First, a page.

Knoephla soup in my region is based upon the concept as a meal that was made by settlers when you needed to spare the meat. In the “early days” when the Germans from Russia settled, meat was often scarce. Kneophla soup was a hearty soup that was filling yet didn’t require lot of meat, mostly just a base. I have been gifted with two recipes for this soup. One, an often requested family favorite was handed down to me only when I was sworn to secrecy about its origin. I often pass this recipe on to those, like myself, who have a hard time making anything from scratch. The base of the soup is, ahem, cough, made with canned cream of chicken soup base. It may be considered cheating, but with some shredded carrots and chopped celery, it is excellent.
    The second type of base is more traditional. It starts with chopped celery and chopped onion, sautéed in butter. I was taught the formula for knoephla soup is : one stick of butter, one onion and 2 stalks of celery to 8 cups of water. After sautéing the vegetables add water and then, when boiling add diced potatoes (about 2 or as many that are about to spoil).
    The recipe for the dough varies on how dense you want the dumplings. Or as my neighbor stated “how many eggs your hens were laying”. The more eggs the denser the dough. I generally mix about 4 cups of flour with 3 eggs, salt to preference and I use milk instead of water to achieve the right consistency of dough. A friend of mine often uses 4 cups of flour and only 2 eggs. She also uses a teaspoon of baking powder.
    In my region, cream is often added to the water based soup just prior to serving.
    I always enjoy reading/hearing about variations of this soup. I really enjoy your concept of adding the frozen mixed vegetables. I will have to remember this for my next batch as I have always felt that the soup looked so bland. I have shredded carrots for color and occasionally chopped carrots, but had never thought of adding frozen vegetables.
    I am wondering what other recipes you have found for the knoephla dough?

    • Thank you for the information, and for the reminder that my Grandmother would be mad at me for not using butter to saute’ my onions first. This is an adaptation of her recipe (since she never once wrote anything down), and has a similar taste, which I consider a success!

      My Grandma always used chicken, because we always had chicken. She was a bird lady that always had fresh chicken and eggs, but I will completely agree that meat wasn’t always present at the dinner table.

      Cream can be added, but my Grandma didn’t like her soups too creamy, so she left it out. I’ve continued the tradition, I guess.

      As far as sticking true to historical meals, well, I’m not too big on that. Then again, the thought of eating a goose-lard sandwich doesn’t appeal to me either! But I do like letting my children remember the connection to my Grandmother every time we have this soup…and my other German-based recipes that we enjoy. She passed away two years ago, at the age of 89…and was my best friend. I miss her greatly.

      I have a few other dough recipes. I enjoy boiling the knephla, than transferring it to a saute’ pan, frying them in butter and adding sausage to it. Mmmmmm! You can also roll the dough flat, cut it into square (or triangles, or whatever shape), filling with a cottage cheese, egg, salt, pepper mixture, boiling and frying. We call those cheese buttons, or kase knephla.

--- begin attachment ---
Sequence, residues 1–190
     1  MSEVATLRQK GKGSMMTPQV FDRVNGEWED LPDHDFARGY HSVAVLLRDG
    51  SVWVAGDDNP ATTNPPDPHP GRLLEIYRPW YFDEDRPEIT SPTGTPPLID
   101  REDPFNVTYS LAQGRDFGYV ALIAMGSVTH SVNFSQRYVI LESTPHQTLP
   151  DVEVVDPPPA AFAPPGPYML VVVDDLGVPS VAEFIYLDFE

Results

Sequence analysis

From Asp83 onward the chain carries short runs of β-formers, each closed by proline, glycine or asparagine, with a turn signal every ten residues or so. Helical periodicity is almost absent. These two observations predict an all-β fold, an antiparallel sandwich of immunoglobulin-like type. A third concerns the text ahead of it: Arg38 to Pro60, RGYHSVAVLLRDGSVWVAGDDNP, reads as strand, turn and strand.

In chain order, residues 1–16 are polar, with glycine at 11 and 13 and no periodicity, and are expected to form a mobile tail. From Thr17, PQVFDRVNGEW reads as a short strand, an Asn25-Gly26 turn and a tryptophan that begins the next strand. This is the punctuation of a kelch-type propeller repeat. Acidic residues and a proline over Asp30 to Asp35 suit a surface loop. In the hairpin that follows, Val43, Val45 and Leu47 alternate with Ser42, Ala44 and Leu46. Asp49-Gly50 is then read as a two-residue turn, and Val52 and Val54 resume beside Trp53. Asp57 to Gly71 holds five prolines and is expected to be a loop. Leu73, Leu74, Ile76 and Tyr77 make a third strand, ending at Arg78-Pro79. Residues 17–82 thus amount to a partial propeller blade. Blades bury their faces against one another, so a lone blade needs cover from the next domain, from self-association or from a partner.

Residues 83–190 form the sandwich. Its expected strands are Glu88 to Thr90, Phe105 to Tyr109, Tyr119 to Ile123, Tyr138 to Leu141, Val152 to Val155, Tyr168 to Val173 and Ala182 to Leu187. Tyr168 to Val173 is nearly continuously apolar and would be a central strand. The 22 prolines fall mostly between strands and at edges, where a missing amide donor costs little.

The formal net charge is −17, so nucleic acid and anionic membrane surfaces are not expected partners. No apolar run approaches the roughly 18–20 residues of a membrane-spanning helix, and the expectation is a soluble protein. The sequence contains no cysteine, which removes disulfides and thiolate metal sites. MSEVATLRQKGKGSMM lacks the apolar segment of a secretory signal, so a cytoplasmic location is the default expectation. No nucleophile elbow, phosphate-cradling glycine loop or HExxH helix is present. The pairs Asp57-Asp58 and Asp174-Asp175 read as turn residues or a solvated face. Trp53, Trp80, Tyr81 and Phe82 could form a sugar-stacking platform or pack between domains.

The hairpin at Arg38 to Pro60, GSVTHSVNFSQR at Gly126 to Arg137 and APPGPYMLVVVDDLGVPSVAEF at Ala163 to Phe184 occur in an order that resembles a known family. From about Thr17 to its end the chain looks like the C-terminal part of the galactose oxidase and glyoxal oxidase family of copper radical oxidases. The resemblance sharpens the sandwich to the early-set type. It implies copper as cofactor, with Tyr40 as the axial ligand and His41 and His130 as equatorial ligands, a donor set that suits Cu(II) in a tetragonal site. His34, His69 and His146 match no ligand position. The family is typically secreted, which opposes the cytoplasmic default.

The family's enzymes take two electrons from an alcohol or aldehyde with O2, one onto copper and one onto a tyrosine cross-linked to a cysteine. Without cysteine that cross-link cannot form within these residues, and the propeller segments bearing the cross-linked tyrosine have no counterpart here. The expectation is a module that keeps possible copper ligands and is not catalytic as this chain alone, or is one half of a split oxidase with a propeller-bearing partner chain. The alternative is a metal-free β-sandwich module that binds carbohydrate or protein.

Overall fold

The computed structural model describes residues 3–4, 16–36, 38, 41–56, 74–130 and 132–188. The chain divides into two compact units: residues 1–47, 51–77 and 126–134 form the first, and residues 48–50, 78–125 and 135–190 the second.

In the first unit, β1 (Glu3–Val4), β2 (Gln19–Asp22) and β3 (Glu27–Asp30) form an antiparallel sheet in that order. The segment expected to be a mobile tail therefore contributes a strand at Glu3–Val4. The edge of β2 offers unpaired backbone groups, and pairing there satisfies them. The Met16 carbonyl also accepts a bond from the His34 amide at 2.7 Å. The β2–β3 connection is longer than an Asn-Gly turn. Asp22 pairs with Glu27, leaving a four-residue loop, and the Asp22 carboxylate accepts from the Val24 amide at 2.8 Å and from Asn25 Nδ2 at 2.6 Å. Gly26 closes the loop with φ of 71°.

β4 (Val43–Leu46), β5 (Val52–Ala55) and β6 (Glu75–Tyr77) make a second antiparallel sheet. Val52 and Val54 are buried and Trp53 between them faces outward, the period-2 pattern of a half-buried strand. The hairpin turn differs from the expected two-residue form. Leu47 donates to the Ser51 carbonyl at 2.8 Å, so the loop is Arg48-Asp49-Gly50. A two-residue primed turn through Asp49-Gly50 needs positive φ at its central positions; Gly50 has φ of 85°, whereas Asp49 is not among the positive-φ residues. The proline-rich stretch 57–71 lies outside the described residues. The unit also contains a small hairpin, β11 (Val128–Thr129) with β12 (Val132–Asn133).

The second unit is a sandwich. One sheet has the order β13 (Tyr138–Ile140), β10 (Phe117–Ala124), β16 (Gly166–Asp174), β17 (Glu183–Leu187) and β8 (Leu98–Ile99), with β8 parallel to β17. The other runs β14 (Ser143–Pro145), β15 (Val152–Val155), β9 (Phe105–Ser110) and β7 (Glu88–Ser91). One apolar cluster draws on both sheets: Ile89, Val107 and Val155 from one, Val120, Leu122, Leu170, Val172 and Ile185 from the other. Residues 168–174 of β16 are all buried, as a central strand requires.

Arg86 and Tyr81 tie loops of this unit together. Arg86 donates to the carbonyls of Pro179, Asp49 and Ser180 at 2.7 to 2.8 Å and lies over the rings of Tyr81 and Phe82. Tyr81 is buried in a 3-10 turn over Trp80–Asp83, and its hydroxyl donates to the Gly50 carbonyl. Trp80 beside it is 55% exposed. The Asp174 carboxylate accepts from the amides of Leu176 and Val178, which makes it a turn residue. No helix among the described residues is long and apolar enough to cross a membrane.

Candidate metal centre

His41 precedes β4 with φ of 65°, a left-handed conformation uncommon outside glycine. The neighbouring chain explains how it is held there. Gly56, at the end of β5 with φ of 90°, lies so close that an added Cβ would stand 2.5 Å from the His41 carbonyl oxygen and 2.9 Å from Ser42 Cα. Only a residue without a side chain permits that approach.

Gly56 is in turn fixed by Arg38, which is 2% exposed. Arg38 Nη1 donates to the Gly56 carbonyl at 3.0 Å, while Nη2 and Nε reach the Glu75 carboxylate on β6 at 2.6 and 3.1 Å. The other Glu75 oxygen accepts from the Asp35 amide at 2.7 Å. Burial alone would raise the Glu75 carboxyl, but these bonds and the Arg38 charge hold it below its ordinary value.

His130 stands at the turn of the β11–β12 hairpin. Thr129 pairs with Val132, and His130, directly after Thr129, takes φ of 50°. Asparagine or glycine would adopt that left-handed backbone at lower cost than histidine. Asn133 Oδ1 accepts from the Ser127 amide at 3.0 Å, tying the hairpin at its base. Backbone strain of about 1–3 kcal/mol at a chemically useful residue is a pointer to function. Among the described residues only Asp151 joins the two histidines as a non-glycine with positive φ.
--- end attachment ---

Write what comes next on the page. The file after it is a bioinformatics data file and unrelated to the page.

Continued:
OK, now I have to stop. I’m hungry!

      By the way, thank you for the reply, this has been fun!

  2. I too must offer this – as my mother used to make her broth like the above forementioned “The second type of base is more traditional. It starts with chopped celery and chopped onion, sautéed in butter. I was taught the formula for knoephla soup is : one stick of butter, one onion and 2 stalks of celery to 8 cups of water. After sautéing the vegetables add water and then, when boiling add diced potatoes (about 2 or as many that are about to spoil).” And, we fried our knephla with sauerkraut and then everyone received a bowl of broth and was allowed to introduce as many knephla as we wished. Then we could pour a wee bit of cream if we had it into the soup… I prefer mine as clear as possible … if you wish to learn more about Germans from Russia visit our You Tube Channel dasguteessen – the Tri-County Tourism Alliance is counting on you.

    • Ooh! Can’t wait to check out the You Tube channel! And thanks for the tips! Love keeping in touch with our German heritage, even if I have to make a few modern adjustments! 😉

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  7. Hi, my grandpa was from Konigsberg, East Prussia and every Christmas would make a (sweet dumpling soup) with my brothers and I. He would make the dough, my brothers and I would make the knephla/dumplings and drop them in to this sweet Heavenly soup (nearest taste I can compare is Tapioca pudding) I only had it about 3-4 Christmas Eves and sadly he died with the recipe. I have searched every Christmas online for a recipe and this year came across the “knephla” dumplings which rung a bell of what he called our dough balls. Any help or direction would help to grant a 30 year yearning for another bowl of heaven.